WASHINGTON, Sept 25 (Reuters) - Keen to avert another protest, the U.S. Air Force on Thursday said it has asked chief Pentagon arms buyer John Young to review its evaluation process in a multibillion dollar communications satellite competition.
“We want to be as thorough as possible in this source selection if there is a protest. We want to be sure that we’ve done everything possible to win a protest, that we don’t make any errors,” Gary Payton, deputy undersecretary for space programs, told a breakfast sponsored by the Space Foundation.
He said the Air Force was doing its own careful reviews of the Transformational Satellite (TSAT) competition between Boeing Co (BA.N) and Lockheed Martin Corp (LMT.N) to build a group of advanced military communications satellites.
In addition, he said he had asked Young’s staff to conduct “an independent scrub of our evaluation processes.”
Protests of major defense contracts have become increasingly common as the big companies vie for fewer larger deals, encouraged to some extent by recent decisions by the nonpartisan Government Accountability Office that have been critical of Air Force acquisition processes in particular.
The Air Force had hoped to award the TSAT contract this month, but says it now hopes to pick a winner by Dec. 15 at the earliest. Payton did not rule out the possibility that the decision could slip into early next year.
He said the schedule had slipped because of budget changes made necessary after completion of a study that looked at the military’s satellite communications needs, and the extra vetting to protest-proof the competition.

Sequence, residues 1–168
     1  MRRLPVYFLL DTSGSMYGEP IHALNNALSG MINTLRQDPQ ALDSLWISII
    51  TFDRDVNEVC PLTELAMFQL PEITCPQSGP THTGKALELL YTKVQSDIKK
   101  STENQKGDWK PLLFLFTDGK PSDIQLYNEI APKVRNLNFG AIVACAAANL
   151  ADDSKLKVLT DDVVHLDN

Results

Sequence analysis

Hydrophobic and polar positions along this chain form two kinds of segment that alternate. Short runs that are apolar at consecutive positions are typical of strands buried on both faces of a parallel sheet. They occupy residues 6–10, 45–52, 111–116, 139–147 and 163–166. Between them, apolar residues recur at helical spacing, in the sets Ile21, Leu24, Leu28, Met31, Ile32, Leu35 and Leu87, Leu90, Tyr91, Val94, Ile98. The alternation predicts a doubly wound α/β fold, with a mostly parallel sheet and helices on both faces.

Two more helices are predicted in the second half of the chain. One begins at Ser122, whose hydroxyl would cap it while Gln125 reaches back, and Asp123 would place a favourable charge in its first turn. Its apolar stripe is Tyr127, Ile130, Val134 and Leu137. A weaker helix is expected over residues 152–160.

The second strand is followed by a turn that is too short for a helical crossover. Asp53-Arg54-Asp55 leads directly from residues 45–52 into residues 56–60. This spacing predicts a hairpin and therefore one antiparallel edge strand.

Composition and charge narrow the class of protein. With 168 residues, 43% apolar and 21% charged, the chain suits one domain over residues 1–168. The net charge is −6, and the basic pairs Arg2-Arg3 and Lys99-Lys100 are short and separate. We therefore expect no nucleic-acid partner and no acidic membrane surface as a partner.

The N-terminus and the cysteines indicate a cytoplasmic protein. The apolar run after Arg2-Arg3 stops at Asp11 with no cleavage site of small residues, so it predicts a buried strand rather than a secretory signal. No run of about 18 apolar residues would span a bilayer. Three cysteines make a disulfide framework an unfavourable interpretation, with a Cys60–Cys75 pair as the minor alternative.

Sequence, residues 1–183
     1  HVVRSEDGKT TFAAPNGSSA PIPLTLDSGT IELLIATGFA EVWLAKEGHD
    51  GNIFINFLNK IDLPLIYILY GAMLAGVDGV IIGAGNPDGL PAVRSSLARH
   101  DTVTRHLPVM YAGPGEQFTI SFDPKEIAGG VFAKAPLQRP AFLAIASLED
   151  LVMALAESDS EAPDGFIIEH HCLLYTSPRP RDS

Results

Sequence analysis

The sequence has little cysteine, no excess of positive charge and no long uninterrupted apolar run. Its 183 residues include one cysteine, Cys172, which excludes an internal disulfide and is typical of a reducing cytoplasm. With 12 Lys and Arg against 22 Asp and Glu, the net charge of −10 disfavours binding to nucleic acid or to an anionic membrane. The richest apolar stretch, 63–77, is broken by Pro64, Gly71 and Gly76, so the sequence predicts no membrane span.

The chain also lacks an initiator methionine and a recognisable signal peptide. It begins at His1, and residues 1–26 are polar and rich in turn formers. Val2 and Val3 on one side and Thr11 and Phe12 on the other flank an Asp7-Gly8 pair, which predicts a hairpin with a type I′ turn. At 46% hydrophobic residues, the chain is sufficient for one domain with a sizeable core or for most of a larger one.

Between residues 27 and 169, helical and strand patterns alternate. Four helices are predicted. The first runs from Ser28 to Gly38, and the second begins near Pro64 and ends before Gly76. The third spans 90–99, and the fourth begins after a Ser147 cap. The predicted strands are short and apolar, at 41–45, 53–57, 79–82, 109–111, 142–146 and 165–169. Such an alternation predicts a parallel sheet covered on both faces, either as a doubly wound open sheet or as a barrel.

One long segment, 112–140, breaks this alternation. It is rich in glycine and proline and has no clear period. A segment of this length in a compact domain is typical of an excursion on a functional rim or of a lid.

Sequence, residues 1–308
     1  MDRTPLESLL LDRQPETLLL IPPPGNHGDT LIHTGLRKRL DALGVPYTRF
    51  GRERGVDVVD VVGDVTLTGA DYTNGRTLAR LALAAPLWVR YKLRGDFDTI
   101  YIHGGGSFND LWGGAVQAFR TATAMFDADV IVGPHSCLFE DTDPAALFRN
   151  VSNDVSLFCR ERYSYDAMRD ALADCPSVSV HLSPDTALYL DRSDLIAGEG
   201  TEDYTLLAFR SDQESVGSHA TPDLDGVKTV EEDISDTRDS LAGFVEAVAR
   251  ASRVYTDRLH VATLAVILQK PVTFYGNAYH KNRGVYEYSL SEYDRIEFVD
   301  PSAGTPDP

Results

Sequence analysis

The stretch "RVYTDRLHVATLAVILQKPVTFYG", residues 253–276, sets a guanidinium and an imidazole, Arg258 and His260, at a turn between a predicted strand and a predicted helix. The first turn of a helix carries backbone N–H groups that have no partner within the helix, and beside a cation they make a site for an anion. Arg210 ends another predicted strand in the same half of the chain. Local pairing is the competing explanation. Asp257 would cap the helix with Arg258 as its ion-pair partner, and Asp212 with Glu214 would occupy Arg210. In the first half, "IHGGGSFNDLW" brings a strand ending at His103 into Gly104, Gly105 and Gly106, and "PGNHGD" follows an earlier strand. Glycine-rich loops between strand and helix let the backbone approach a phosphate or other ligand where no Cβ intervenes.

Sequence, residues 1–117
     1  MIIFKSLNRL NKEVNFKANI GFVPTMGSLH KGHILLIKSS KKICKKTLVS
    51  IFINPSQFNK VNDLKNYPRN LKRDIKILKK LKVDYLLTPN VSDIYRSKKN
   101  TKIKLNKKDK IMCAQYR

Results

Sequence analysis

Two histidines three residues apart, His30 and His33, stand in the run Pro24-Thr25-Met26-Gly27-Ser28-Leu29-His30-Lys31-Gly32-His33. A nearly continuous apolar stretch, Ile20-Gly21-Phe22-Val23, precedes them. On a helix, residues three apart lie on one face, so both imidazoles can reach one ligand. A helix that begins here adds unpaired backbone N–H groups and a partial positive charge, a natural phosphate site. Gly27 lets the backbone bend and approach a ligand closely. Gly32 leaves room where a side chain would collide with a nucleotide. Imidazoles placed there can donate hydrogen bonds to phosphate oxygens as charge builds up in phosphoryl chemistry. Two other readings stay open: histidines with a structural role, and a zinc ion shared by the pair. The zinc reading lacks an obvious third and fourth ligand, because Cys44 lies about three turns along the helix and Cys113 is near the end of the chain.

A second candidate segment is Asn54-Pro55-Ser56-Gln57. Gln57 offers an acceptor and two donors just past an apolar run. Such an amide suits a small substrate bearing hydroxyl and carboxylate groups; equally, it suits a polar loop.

The TSAT contract also is linked to another big program, the Advanced Extremely High Frequency satellite program, run by Lockheed, which has exceeded congressional caps on cost growth after Congress added a fourth satellite to the program.
That could lead to the program’s termination, unless it is certified as essential for national security reasons.
TSAT is intended to follow AEHF and shares some of the same protected communications job. Congress added the fourth satellite due to concerns about a gap in providing satellite communications capability to troops if TSAT got delayed.
Payton said the Air Force had asked Young to finish his certification of the AEHF satellite program by mid-October, so it could be included in the Pentagon’s 2010 budget proposal.
The Air Force also was pressing ahead with a program to develop a “good-enough” space-based radar to track moving targets from space, and field it by 2012, Payton said. He said the accelerated schedule pointed toward a commercial solution, rather than a long military development project.
He said the Air Force had asked industry for information on what was available, and had spent $5 million buying commercial radar products from Canada’s RADARSAT-2, but he wanted to sample products from other providers as well.
He said no decision had yet been made on whether the government would seek to own and operate the satellites itself or purchase services from a commercial provider.
The Space Radar program, once envisioned to cost $34 billion through 2025, has been scaled back severely after lawmakers raised cost and technology concerns. Payton gave no budget details about the current program.
Payton said overall military space programs were improving after years of cost overruns and schedule delays, but there were continuing software problems with the Space Based Infrared System (SBIRS) satellite program run by Lockheed.
Contractors are also working to resolve several problems with rockets used to launch satellites into space, but Payton said he did not expect a delay in any of upcoming launches. (Reporting by Andrea Shalal-Esa; editing by Carol Bishopric)